Run to Ground Zero Honors Fallen Marines

Thomas Spotteck and Michael Roesch practiced for Saturday’s Memorial 100 Run from Montauk to Ground Zero, which will bring dozens of runners over the Lance Cpl. Jordan Haerter Veterans’ Memorial Bridge in Sag Harbor. Carrie Ann Salvi

    Fifteen two-person teams made up of members of all branches of the military, veterans, and first responders will carry a United States flag 136 miles in about 26 hours from the Montauk Lighthouse to Ground Zero in Manhattan on Saturday to remind all in their path of the reason for the Memorial Day holiday.
    “As the parent of a fallen marine, every day is Memorial Day,” said Christian Haerter of Sag Harbor, whose son, Lance Cpl. Jordan Haerter, was killed in Iraq in 2008 at the age of 19.
    The Memorial 100 run was started by members of the Third Battalion, 25th Marines, Mr. Haerter explained, to honor the 48 members of the unit who were killed in Iraq in 2005, one of the largest unit sacrifices in the war. The public has been encouraged to meet and greet members of the battalion tomorrow from 7 to 9 p.m. at the American Legion Hall on Bay Street in Sag Harbor.
    Participants will also honor first responders who died on Sept. 11, 2001, taking turns running on main thoroughfares such as Montauk Highway and backed by vehicular support from town and county governments. Supporting the effort is Mr. Haerter’s foundation, Jordan’s Initiative, and Hope for the Warriors, a national nonprofit organization the mission of which is to enhance the quality of life for post-9/11 service members who sustained physical and psychological wounds in the line of duty.
    “There would be no barbecues or beach bashes without these brave souls, and people should honor that fact,” Mr. Haerter told The Star on Monday, adding that he hopes everyone comes out to cheer the runners on and show their patriotism.
    “Memorial Day is another hard occasion to get through for me,” JoAnn Lyles, Corporal Haerter’s mother, said Monday. “Like Jordan’s birthday or the anniversary of his death.”
    She said that many people confuse Memorial Day with Veterans Day, as she did before her son joined the military. “Memorial Day was set aside to specifically honor our fallen military throughout American history, every war and conflict,” she wrote in an e-mail.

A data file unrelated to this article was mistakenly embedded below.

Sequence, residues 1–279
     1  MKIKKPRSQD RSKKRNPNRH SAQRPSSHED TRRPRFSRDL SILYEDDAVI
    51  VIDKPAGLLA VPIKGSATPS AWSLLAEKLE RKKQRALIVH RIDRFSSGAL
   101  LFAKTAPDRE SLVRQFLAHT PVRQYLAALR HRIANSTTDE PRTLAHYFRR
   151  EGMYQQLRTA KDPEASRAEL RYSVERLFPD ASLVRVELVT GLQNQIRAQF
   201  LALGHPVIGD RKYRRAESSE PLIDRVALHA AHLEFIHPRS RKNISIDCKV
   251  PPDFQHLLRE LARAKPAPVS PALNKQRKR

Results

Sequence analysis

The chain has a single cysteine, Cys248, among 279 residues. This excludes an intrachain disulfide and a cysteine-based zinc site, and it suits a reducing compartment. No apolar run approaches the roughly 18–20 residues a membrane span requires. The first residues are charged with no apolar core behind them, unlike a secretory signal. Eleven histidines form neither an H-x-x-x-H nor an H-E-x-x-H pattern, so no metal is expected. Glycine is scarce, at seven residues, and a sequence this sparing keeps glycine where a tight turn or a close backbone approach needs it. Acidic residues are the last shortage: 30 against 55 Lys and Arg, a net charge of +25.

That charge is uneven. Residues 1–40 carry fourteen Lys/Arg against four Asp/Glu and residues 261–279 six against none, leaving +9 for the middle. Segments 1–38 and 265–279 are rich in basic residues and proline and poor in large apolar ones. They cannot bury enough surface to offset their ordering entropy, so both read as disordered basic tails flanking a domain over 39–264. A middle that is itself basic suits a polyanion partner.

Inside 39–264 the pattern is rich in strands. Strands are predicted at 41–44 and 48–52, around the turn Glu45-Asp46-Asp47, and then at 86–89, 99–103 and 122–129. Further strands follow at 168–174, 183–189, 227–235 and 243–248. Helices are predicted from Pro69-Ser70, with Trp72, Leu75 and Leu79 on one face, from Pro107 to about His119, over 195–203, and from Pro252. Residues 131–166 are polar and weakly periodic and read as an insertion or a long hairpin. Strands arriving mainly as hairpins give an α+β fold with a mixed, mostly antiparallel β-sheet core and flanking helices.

“Freedom comes at a heavy price,” Ms. Lyles said. “The family barbecue should be celebrated,” she said, but people might also take the time to go to a Memorial Day parade and make a small donation to the American Legion Auxiliary for a red poppy to wear on a lapel or hat. Another appropriate action, she said, is to fly an American flag at half-staff until noon.
    “Visit one of the many cemeteries where small American flags wave beside headstones of heroes resting there,” she said. “Most of all, remember.”
    On Saturday between 11:30 a.m. and 12:30 p.m., runners will come from North Haven across the bridge named after Ms. Lyles’s son. It will be lined with veterans holding 48 American flags representing the 46 marines and 2 Navy sailors killed in the battalion during a six-month deployment.
    Each flag will have a streamer with a gold star and the name of one of the branches of service. The flags, purchased by Mr. Haerter, will be donated to the Village of Sag Harbor.
    One of them will be held in honor of Corporal Haerter, and another for First Lt. Joseph J. Theinert, who grew up in Sag Harbor and on Shelter Island and was killed in action in Afghanistan in 2010.
    “I’m going to hold one for Joe,” said James Theinert of Sag Harbor, speaking of his son. “It’s a great idea and mission for these marines,” he said.
    Now in its fourth year, the relay was first run from the Virginia War Memorial in Richmond. Last year it moved to New York, starting at Orient Point and ending at Ground Zero.
    Running it for the second time is Sgt. Thomas Spotteck of Shelter Island, who said of his Marine Corps experience, “I have too many friends with missing limbs, organs, gunshot wounds . . . that have sacrificed the things they love and enjoy for our nation.”
    “This is how I represent those whom we left behind,” he said, “this is how I continue to support those who never made it home to their families and friends.”
    Michael Roesch, an Iraq war veteran and fitness trainer at Studio 89 in Sag Harbor, participated last year and will again this year to raise money for Hope for the Warriors, in particular, because the group helps military family members as well. “They not only help me, but they teach someone else how to deal with me,” he said.
    Runners have online support pages to raise money for the organization at
    Memorial Day “is a sacred day for Gold Star families,” Chrystyna Kestler, Lieutenant Theinert’s mother, said, referring to families who have lost sons and daughters in war. “The one day we ask that people pause for those who have given their all.”